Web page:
4. When you need to shoot at a higher ISO or a wider aperture than the simpler camera is capable...

    5. When you need a faster burst than the simple camera is capable of...

    A duffer (to use a term from another hobby) with the most expensive camera will not produce better images than a good/great photographer using a less sophisticated camera.

    However, when two photographers of equal (or close to equal skill) are shooting; most often the photographer wthl the "better" or "more advanced" equipment will produce the better images.

    OTOH: As I mentioned to my friend; just about any DSLR camera with a decent (it doesn't have to be great) quality lens has the capability to produce very good to excellent imagery for the photographer who is competent and who is willing to do a bit of work to produce his or her imagery...

    AND: If you add a hotshoe flash (used either on or off camera) to that DSLR and decent lens; you will (if you are competent) be able to produce some very nice imagery...
    Last edited by rpcrowe; 14th May 2012 at 09:49 PM.

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    Re: Yep... The photographer makes the picture...

    Richard:

    Can't disagree with anything you said; you've pretty well summed it up.

    Glenn

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    Re: Yep... The photographer makes the picture...

    Interesting thread.

    As one who is a relative newbie to taking up photography as a serious hobby, I find your volunteer's question a lot like that of other recreational activities I have taken up over the years. As a fly fisherman, learning to cast a fly and place it such that it attracts, versus frightens fish, is a skill that requires time and effort. However, most inexperienced observers equate the quality of the casting more to the price tag of the equipment rather then the developed skills of the fisherman. I have seen the samething with golf. Golfer spend more money on trying to buy the greatest equipment to get a longer drive then spending the time and effort in perfecting their swing. I recently attended a camera fair where a skilled photographer was giving a talk on travel photography and taking great pictures. He distilled the essentials to a great picture down to 4 things you need. They are a camera, time, experience, and effort.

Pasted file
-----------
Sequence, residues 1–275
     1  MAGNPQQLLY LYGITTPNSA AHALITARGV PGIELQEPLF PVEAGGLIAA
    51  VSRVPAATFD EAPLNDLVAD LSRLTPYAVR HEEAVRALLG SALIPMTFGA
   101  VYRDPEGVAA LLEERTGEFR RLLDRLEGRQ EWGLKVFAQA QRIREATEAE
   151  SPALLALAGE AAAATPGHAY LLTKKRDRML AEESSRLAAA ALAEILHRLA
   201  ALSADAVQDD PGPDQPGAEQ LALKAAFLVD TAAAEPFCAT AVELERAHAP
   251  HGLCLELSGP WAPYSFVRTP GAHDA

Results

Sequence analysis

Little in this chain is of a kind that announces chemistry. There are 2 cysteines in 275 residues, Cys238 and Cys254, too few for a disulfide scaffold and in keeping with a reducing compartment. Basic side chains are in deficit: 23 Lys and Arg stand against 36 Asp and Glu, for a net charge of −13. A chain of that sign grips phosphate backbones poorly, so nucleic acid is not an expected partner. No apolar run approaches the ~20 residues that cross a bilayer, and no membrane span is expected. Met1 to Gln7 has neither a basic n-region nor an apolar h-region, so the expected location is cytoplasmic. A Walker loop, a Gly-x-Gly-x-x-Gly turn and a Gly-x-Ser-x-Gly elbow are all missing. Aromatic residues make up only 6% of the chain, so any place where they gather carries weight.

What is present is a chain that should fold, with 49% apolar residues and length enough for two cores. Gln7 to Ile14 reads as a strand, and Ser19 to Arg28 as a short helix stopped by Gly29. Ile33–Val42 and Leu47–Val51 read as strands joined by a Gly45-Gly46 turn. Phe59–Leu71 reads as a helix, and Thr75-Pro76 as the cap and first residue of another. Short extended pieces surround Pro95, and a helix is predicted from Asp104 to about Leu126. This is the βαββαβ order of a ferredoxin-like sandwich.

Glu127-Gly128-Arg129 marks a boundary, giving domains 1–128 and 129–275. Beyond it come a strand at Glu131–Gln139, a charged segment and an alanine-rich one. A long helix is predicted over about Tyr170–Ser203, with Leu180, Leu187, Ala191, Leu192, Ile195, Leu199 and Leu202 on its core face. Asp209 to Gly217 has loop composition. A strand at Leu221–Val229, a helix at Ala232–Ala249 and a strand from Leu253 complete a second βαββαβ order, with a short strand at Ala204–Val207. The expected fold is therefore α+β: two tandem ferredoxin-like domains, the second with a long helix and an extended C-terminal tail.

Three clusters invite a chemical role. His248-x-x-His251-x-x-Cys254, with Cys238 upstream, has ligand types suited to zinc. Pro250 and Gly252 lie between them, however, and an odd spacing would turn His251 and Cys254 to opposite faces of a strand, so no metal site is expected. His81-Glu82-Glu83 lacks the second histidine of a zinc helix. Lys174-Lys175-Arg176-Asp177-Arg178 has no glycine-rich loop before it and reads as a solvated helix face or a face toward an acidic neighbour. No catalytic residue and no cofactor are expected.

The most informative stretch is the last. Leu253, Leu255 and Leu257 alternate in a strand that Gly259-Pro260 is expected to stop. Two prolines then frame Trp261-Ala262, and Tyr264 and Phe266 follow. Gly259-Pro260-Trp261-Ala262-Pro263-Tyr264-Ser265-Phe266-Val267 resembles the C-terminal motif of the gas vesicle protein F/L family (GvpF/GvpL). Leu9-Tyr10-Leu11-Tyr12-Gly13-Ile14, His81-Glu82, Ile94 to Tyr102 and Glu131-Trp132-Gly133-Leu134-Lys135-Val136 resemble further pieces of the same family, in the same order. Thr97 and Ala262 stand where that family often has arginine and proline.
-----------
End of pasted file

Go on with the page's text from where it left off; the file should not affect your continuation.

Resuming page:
Dr Bob

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    Re: Yep... The photographer makes the picture...

    On second thought, I would recommend a P&S camera to most people because most people don't have the technical ability to use a DSLR (if you don't believe me, watch most people drive a car).
    Yeah LOL ... but actually it is easier to get quality images with a DSLR than a P&S or Bridge camera ... I have all three kinds but prefered the bridge camera as a tool ... so I had to try harder ... so I got myself a M4/3 and 14-140 which is as close as I can get to a bridge camera as a tool with what is made at the moment. I have been asking for a larger sensored bridge camera for years now but R&D ignore me :-( So all up the DSLR is the beginners camera if they don't mind the weight.

    Dr. Bob ... it is little different with photography as people equate cost with success as a photog and are endlessly spending money on more and more gear, even though they have not really learnt to use what they purchased first to its full potential With a bridge camera you have the whole package, with a M4/3 or DSLR the door is forever open to spend, unless you can exercise extreme restraint.
    Last edited by Colin Southern; 17th May 2012 at 09:13 AM.

  20. #20

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    Re: Yep... The photographer makes the picture...

    I have a Nikon P80 bridge camera as well as my Sony DSLR, the Nikon will do most of what the DSLR will do but not as easily. Also it is limited to producing jpgs, not RAW. The bridge camera is relatively compact and IMHO is ideal if you are travelling and need to keep your gear down as much as possible